Women players have so far been more successful than the men at challenging line-calls using the Hawk-Eye electronic replay. Four days into The Championships, and female players have been correct with 28% of their challenges, while the men have been right 26% of the time. What is more, women have been questioning the calls more often than the men, with 1.75 challenges per set compared to 1.70.
No woman has used Hawk-Eye more than former French Open champion Jelena Ostapenko, who has made seven challenges over the course of her two matches, getting two of them right, which equates to a 28.6% success rate. Lucie Safarova, a former French Open finalist, is among the small group of players with a 100% success rate - though the Czech has made just one challenge.
Since the summer of 2010, the prize money for the singles champions at Wimbledon has more than doubled, rising from £1 million to £2.25m this year. Over the same period, the price of a bowl of strawberries and cream has not risen by one penny, keeping steady at £2.50. This could be the only snack in London unaffected by inflationary pressures. And nor have the All England Club reduced the number of strawberries per serving - you're guaranteed a minimum ten pieces of fruit, while you can have as much cream as you wish.
In contrast, Eugenie Bouchard's new coach, Robert Lansdorp, provides a sense of how much things have changed at the All England Club. "My first Wimbledon was in 1977 when I was working with a 14-year-old Tracy Austin, and I was the only coach at the tournament. Just imagine that," the 80-year-old, who is back here for the first time in 20 years, told wtatennis.com.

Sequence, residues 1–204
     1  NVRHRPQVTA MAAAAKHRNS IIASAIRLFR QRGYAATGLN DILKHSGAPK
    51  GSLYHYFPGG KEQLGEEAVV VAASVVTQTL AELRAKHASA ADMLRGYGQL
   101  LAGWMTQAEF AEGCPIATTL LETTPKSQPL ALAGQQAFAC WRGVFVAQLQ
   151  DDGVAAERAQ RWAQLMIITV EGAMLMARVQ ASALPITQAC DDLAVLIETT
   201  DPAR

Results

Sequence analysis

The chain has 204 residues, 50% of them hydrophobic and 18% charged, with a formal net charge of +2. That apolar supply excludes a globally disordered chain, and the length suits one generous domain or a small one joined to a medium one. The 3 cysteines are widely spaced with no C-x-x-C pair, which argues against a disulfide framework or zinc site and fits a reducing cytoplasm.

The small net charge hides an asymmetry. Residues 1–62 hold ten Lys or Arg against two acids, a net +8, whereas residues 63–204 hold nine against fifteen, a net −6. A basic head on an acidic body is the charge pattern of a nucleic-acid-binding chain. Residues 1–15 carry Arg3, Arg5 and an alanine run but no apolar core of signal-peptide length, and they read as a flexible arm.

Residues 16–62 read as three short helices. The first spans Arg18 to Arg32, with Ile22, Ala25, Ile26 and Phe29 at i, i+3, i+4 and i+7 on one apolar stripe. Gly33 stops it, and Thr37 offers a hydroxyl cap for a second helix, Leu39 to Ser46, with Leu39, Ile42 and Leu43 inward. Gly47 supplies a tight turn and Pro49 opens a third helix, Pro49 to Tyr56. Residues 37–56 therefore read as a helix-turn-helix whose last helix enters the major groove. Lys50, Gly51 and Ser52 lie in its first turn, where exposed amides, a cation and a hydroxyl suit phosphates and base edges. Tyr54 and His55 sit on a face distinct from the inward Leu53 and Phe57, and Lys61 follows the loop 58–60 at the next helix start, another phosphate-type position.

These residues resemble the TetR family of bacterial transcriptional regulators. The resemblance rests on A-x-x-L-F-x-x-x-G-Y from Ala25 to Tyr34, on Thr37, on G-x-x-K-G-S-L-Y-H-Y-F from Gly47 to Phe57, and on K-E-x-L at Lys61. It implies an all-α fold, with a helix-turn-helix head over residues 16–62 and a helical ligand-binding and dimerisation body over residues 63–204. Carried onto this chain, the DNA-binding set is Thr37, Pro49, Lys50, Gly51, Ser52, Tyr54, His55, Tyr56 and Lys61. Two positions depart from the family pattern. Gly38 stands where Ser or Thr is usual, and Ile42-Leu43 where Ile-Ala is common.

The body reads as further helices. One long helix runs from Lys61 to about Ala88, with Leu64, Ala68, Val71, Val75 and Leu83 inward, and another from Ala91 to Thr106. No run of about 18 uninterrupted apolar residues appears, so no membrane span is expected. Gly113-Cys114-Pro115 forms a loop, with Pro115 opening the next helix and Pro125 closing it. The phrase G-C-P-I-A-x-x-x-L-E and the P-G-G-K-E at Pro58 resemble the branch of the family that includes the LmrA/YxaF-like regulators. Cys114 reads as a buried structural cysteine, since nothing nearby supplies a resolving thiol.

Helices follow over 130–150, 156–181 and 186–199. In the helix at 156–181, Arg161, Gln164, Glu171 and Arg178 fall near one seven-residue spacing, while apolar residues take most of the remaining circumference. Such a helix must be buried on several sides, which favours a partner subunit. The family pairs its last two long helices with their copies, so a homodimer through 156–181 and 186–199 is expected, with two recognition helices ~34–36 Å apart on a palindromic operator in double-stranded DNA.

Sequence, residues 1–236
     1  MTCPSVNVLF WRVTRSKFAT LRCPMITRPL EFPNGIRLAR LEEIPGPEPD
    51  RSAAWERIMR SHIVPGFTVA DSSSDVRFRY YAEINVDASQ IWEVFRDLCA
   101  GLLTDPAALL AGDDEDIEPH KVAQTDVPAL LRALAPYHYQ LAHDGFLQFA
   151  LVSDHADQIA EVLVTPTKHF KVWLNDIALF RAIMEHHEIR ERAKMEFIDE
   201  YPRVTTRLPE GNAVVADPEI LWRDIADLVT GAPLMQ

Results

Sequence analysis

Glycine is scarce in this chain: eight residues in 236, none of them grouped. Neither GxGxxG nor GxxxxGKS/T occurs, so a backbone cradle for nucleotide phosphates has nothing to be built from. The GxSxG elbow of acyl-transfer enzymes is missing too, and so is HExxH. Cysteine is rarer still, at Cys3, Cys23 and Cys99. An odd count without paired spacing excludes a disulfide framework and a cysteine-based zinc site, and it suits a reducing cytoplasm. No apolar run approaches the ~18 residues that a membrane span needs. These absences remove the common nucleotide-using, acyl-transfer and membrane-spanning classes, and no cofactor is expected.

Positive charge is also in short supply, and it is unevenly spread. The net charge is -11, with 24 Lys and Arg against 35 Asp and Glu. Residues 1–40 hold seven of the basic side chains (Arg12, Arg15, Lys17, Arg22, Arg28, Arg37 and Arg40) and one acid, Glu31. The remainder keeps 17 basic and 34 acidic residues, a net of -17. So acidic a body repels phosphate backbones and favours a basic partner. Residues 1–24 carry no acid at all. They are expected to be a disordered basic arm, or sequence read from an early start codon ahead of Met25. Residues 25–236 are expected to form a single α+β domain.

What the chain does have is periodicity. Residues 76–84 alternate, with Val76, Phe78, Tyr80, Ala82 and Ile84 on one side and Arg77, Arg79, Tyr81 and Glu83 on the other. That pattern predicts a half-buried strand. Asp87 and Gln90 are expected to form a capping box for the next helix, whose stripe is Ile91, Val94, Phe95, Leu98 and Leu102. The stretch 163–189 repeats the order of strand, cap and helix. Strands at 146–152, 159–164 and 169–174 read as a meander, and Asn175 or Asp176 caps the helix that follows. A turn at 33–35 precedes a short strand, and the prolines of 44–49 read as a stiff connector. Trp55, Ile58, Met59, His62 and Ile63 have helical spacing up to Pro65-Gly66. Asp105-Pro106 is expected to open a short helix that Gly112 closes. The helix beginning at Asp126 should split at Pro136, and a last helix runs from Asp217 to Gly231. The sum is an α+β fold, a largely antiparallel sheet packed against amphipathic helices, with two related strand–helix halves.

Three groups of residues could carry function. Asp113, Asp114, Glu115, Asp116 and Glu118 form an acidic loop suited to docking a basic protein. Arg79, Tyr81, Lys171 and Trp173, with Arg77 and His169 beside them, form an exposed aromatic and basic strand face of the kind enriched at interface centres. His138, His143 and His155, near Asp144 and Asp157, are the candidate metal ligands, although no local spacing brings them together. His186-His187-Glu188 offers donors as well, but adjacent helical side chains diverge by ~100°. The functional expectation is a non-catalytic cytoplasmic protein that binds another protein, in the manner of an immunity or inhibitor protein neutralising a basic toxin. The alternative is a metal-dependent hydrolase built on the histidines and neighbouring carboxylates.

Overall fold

While Serena is now addressed by the umpires as "Mrs Williams" - reflecting that this is her first Wimbledon as a married woman - her older sister Venus likes being "Miss Williams". The five-time Wimbledon champion thinks the 'Miss' before her surname gives her a certain class.
"I remember Janet Jackson had that song and she said, 'Miss Jackson', and I like that. I am Miss Williams," said Venus.
The song she was referencing was 'Nasty', which contained this lyric: "My first name isn't baby, it's Janet - Miss Jackson if you're nasty."
Williams, who has a pop-up store for her clothing range EleVen in central London this summer, has also been suggesting that she might be thinking about a future role marketing tennis players.
"I believe in tennis we can try to find a way to market our players better because that grows the sport," she said. "I happen to love branding. Perhaps I see myself in that sort of position after I'm done, or even now I think is maybe a good time to put into practice what I've learned from my businesses into tennis."
Talking of shops, one piece of good news for Maria Sharapova, who lost to a qualifier in the first round, is that her Sugarpova candy pop-up store in Wimbledon Village appeared to be doing good business when wtatennis.com visited this week.